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There are several definitions of “grace;” they range from a sense of propriety to charming behavior, from a divine virtue to a prayer before a meal. Grace can mean a musical trill, or an act of kindness. To me, Grace will always be my mother’s name, and the legacy she left me of living a life filled with light, and love.

 

A maxi coat wearing mother, taking her little girl to school, finds room under the yards of material to shelter both of them from the icy snow flurries in London, England on November 29, 1969. (Photo by Express/Getty Images)

 

I wrote about her final gift to me one Christmas long ago in a blog post called  Christmas with Grace.  I have the love-worn and gently aging quilt that she made with her own steadily weakening hands in her last months with us. It is one of my most treasured possessions. Because we said goodbye to her in December, this month always brings the most poignant memories flooding back to me, and sometimes, more magical opportunities to remember her.

 

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On a cold Christmas Eve several years ago, I needed some last minute items from the grocery store before they closed, and had quickly done my shopping. As I was hurrying to my car, I noticed an elderly woman standing alone, holding a bag. She looked like she was waiting for someone, and I hesitated before stopping at her side. I didn’t want to bother her, but I had a feeling that something was wrong.

 

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“Hello,” I said to her. “I noticed that you’re waiting here alone. Is everything all right? Can I be of any help?”

She looked at me, and now I could see the worry on her face. “Oh, everything’s fine,” she told me. “It’s just that I don’t drive anymore, and I had called for a cab, and it doesn’t seem to be coming. Maybe if I just wait a little longer…”

Snow was falling, beginning to accumulate on the sidewalk and parking lot. The roads were not in good shape, and surely would be getting worse.

“I’m heading home and would be happy to drive you,” I told her. “Do you live nearby?”

She nodded, and said, “Only a few blocks, but I can’t impose on you. I’m sure the cab will be here soon.”

I started to walk away, but I wasn’t at all sure the cab would arrive soon, or at all. I turned back toward her. “Please, it’s not an imposition–at all. Let me help you. I’d like to.”

She peered at the quiet street, watching the swirling snow, then finally said, “All right, then. If you’re sure…”

I helped her into the car and soon we were turning from one dark and slippery street onto another, until at last we reached a small home in an older neighborhood. There was a light left on over the front door, but the rest of the windows were dark. I hated to leave her there alone.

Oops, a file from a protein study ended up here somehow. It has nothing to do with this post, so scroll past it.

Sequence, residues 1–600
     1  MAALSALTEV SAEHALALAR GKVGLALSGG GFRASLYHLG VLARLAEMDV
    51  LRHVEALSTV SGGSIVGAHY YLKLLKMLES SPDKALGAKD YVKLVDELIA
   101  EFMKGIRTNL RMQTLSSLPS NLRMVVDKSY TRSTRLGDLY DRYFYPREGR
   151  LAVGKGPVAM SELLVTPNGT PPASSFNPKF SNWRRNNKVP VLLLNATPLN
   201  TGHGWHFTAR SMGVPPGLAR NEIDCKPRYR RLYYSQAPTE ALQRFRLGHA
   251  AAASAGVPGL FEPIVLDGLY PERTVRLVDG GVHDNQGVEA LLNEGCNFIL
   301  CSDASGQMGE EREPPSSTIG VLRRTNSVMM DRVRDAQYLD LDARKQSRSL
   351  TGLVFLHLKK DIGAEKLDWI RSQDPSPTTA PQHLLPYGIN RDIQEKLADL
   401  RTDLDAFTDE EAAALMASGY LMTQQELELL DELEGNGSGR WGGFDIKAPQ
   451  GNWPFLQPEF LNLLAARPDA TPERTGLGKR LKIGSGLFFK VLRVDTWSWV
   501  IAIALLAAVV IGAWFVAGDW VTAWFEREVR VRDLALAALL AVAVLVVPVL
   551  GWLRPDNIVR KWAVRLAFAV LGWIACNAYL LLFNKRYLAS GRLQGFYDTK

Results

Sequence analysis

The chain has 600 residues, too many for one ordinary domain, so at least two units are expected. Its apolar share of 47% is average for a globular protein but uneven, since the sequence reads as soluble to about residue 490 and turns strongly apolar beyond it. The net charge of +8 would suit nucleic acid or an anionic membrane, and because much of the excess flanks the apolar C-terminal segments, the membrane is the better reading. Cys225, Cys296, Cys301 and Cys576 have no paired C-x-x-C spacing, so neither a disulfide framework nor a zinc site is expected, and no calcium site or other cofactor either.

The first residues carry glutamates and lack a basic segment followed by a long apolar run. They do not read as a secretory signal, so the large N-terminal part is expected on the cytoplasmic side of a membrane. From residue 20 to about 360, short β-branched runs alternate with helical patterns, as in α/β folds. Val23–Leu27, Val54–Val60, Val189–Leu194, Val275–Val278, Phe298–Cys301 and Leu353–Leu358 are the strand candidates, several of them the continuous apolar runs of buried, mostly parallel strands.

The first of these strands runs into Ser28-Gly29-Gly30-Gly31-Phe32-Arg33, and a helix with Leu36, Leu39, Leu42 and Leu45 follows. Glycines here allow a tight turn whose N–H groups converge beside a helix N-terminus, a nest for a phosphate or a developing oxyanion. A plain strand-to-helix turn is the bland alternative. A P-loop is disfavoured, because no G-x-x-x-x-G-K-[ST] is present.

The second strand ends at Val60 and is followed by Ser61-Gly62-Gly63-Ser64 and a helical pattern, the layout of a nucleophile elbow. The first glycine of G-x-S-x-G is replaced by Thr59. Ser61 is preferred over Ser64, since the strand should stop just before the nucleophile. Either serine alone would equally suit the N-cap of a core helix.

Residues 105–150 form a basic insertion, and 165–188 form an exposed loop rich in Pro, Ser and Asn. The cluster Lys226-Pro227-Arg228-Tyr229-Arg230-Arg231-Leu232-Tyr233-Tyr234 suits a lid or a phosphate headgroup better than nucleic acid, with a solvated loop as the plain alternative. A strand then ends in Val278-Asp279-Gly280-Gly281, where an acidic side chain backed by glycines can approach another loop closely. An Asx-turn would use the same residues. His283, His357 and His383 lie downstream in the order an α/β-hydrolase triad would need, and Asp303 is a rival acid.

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“Can I help you in with your bag?” I asked her. “I can help you get the lights on before I go.”

Suddenly I could see alarm in her eyes. She was an elderly woman, living alone, and she didn’t know me. She stammered nervously, reaching for the door handle. “Oh, no no no, I can do it myself. Really. I appreciate your help so much, but I’ll be fine–”

I knew she was anxious, so I didn’t press her. She gathered her things and had one foot out the door when I said, “Wait–I don’t know your name!”

She looked at me, and smiled. “Grace. It’s Grace.”

The walkway was white with snow, and she took her time on her way to the door. I remained in the driveway with my headlights on until I saw her safely inside.

 

Surprise!!

 

Grace. Her name was Grace. I turned on the radio, just as “O, Holy Night,” began to play. It was a peaceful night, and I felt warmth spreading from my heart all throughout my body, as if I were being held by someone, as if I were being embraced.

There are mysteries in life, things I can’t always understand, and things I can’t explain. But there are other things that I feel with a sureness that defies any logic that might explain away what I know to be true in the world:

We all have angels of our better nature, and angels by our side on earth who are our friends and family, just like the family I had waiting at home for me that night. And sometimes, there are angels around us who we feel rather than see. For me, there will always be one angel in particular who I am reminded of each Christmas.

Her name is Grace.

 

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Simple Giving

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Each year, when the family is gathered together, we talk about our plans for the holidays. In recent years, inspired by how a friend and his family in Switzerland found a deeper meaning in Christmas,we have agreed to celebrate in a simpler way.